Is your invention novel enough to warrant a patent?

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As part of our ongoing series examining the ecosystem necessary to bring technology to market, David French, a senior Canadian patent attorney with 35 years of experience, now provides the fifth of his commentaries on the importance to a company of protecting its Intellectual Property.

By David French

I began this series by talking about the importance of having an IP Co-ordinator on the team and how this role fits into an organization. Then I addressed what it means to obtain meaningful patents. We identified the three principles that apply if the objective is to obtain meaningful patents:

1. Right invention

2. Right market circumstances

3. Right patenting opportunity

In my last post I addressed the concept of “right market circumstances.” This time I will address the concept of the “right patenting opportunity.”

For there to be a right patenting opportunity, your invention or innovation has to possess a novel, patentable feature. “Novel” means a feature that has never before been “available to the public.” You often hear that the feature must also be “inventive.” This is really just an extension of the novelty requirement: things which are not inventive, e.g. which are obvious, will also have been “available to the public.”

To proceed, you should do a search to find out what you can’t patent. Searching is never over unless you find a knock-out. If you do find your idea described somewhere, then patenting that feature is out of the question. But you can shift the focus of your attention to another feature, possibly an improvement, i.e. an embellishment on your original idea. You will never be able to patent what has been disclosed previously. But if you identify a modification that is new and inventive, a patent will still be possible. But keep in mind: will it be worth it? Meanwhile, we will consider requirements for obtaining a patent that is valid.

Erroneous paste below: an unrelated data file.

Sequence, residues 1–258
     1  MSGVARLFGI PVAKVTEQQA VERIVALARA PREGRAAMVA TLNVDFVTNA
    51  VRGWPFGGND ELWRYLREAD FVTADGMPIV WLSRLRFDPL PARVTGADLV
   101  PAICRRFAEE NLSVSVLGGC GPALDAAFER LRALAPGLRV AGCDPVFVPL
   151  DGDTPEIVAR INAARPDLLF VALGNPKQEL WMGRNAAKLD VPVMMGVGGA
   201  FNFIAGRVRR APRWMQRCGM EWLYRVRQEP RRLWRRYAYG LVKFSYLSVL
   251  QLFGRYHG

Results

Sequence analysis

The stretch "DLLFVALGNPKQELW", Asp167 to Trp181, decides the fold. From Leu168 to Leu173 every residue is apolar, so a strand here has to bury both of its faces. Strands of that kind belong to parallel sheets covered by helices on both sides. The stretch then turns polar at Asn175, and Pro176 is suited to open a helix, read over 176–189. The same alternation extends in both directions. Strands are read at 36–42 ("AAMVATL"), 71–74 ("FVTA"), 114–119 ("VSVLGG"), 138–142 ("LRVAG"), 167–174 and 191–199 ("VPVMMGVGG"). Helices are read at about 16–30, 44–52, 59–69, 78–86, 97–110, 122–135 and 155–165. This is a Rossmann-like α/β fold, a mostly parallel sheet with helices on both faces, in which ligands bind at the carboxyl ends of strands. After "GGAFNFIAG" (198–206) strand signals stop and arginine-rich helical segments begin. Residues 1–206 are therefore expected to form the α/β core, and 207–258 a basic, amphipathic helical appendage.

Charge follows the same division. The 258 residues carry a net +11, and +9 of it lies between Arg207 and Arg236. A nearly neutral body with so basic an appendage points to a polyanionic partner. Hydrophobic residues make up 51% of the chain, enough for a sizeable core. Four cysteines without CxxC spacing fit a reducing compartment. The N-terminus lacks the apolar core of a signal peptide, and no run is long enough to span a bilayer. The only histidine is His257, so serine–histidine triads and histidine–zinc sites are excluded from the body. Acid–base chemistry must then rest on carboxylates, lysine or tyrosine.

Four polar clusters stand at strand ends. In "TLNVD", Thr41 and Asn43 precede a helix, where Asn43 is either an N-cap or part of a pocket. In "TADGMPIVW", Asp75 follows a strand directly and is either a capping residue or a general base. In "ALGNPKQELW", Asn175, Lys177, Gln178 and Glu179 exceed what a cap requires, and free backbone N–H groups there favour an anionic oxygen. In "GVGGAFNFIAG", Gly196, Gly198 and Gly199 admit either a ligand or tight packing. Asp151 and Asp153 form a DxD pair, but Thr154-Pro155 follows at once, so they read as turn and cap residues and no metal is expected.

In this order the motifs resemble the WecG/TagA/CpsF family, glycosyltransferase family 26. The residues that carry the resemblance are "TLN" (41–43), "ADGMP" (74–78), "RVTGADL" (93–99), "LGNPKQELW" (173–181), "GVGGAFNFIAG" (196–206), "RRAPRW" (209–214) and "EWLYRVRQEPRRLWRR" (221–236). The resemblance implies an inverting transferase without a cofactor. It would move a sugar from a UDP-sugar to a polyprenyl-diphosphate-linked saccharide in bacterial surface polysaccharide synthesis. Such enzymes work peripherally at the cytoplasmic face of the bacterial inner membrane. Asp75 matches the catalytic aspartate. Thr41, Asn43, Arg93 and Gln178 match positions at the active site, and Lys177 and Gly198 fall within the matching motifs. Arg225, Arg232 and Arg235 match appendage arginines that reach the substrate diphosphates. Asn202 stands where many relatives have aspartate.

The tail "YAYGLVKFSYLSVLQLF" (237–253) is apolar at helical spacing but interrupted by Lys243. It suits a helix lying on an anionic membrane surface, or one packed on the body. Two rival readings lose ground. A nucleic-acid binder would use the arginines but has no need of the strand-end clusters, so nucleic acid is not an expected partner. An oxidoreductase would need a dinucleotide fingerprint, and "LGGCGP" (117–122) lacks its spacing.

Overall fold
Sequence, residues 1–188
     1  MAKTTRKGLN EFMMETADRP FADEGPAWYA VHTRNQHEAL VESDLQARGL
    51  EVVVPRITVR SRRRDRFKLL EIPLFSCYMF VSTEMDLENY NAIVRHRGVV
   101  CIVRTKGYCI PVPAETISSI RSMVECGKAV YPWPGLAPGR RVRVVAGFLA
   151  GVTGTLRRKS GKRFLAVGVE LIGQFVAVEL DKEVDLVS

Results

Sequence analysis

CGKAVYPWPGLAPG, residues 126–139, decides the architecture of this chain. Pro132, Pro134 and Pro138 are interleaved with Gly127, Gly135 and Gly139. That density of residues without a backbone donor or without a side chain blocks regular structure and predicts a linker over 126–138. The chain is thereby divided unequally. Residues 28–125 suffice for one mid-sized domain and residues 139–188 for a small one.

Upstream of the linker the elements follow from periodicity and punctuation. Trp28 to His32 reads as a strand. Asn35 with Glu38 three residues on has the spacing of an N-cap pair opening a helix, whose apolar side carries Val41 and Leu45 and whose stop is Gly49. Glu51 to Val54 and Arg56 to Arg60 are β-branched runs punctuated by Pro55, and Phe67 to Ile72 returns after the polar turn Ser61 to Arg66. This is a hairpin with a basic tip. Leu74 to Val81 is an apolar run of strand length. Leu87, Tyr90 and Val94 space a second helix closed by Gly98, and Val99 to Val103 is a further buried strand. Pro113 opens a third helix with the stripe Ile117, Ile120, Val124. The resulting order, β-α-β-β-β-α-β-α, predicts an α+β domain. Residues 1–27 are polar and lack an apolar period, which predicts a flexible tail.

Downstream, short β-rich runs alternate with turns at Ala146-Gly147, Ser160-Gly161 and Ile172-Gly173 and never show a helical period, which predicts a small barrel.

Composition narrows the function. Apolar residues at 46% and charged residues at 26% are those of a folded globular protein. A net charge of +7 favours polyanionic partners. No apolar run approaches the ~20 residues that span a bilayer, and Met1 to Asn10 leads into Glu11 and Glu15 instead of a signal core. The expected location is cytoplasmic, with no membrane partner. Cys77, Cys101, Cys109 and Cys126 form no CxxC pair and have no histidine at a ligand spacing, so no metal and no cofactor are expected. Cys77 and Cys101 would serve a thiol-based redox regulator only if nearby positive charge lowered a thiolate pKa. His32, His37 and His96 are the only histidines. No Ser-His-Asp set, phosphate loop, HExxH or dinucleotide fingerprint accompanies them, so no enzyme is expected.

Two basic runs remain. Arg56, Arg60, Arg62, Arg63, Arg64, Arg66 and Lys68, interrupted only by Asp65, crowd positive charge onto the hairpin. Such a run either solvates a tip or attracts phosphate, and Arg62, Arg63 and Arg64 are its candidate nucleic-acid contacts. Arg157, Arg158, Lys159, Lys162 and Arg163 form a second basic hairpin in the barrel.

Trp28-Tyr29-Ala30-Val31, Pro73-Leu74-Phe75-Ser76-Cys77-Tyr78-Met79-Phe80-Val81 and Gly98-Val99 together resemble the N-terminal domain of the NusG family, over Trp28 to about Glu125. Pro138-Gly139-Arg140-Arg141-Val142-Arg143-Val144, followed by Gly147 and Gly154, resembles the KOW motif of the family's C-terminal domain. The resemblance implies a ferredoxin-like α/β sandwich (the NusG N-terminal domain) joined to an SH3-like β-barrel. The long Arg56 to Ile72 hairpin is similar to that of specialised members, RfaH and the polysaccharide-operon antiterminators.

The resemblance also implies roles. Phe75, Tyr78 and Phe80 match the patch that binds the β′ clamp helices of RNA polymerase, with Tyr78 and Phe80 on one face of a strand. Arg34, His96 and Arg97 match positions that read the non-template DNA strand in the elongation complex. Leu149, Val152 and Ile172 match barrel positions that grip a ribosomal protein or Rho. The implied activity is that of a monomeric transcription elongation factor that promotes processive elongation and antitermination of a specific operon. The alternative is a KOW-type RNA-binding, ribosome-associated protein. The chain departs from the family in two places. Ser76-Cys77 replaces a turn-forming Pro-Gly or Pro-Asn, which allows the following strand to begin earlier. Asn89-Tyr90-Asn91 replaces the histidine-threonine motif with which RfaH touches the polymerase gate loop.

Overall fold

For a patent to be valid, the following requirements must be met:

  • The invention has to work
  • You have to describe how to make it work in your patent filing. This is called enablement.
  • You must not make false promises or provide inoperative instructions. Minimize your promises.
  • There must be a feature present that is both new and inventive, as referenced above.
  • The key feature, the point of novelty, must be present in your definitions of your claimed monopoly rights. These definitions are called your claims. You draft the claims. They have to be done right. A bad claim is invalid.

It is the applicant’s obligation to define what you aspire to control. Claims that break any of the rules are invalid. Here’s what you should know about patent claims:

  • Claims are a checklist for infringement. They are formatted in a single sentence.
  • Multiple claims are allowed. This allows you to restate the things that you hope will be new in case you are wrong in one of your definitions.
  • You cannot claim anything that doesn’t work. Claims that do this are invalid.
  • Your claims cannot be unresolveably ambiguous or they will be invalid.
  • You cannot claim anything that was previously available to the public.
  • You have to disclose in the story of your invention material that will support each of your claims.

Exclusive rights under a patent are restricted to the scope of coverage of claims which are valid. Many patents have gone wrong because of failure to comply with the above requirements. Patent validity is essential to success.

These articles are all about obtaining meaningful patents. Patent claims are meaningful when they address a feature, a difference, which makes a difference to customers. Ideally, that feature has a have-to-have-it character or quality, i.e. there is no other way to do it, or the closest non-patented alternative is significantly less appealing to customers. These happy circumstances can, however, only arise when the prior art does not disclose your key feature. That is essential for your key feature to be patentable.

The value of a patent is the gap (in value) separating the controlled/patented feature from the closest non-patented equivalent. No loopholes should exist in the scope of exclusive territory defined by the claims. The next part of this series will address the issue of closing loopholes.

David French is the principal and CEO of Second Counsel Services, which provides guidance for companies that wish to improve their management of Intellectual Property. For more information visit www.SecondCounsel.com.

David French would like to form a discussion group in Ottawa, an Entrepreneurs Forum where people can discuss Intellectual Property issues relating to business startups. If you are interested in participating, please e-mail David.French@secondcounsel.com.

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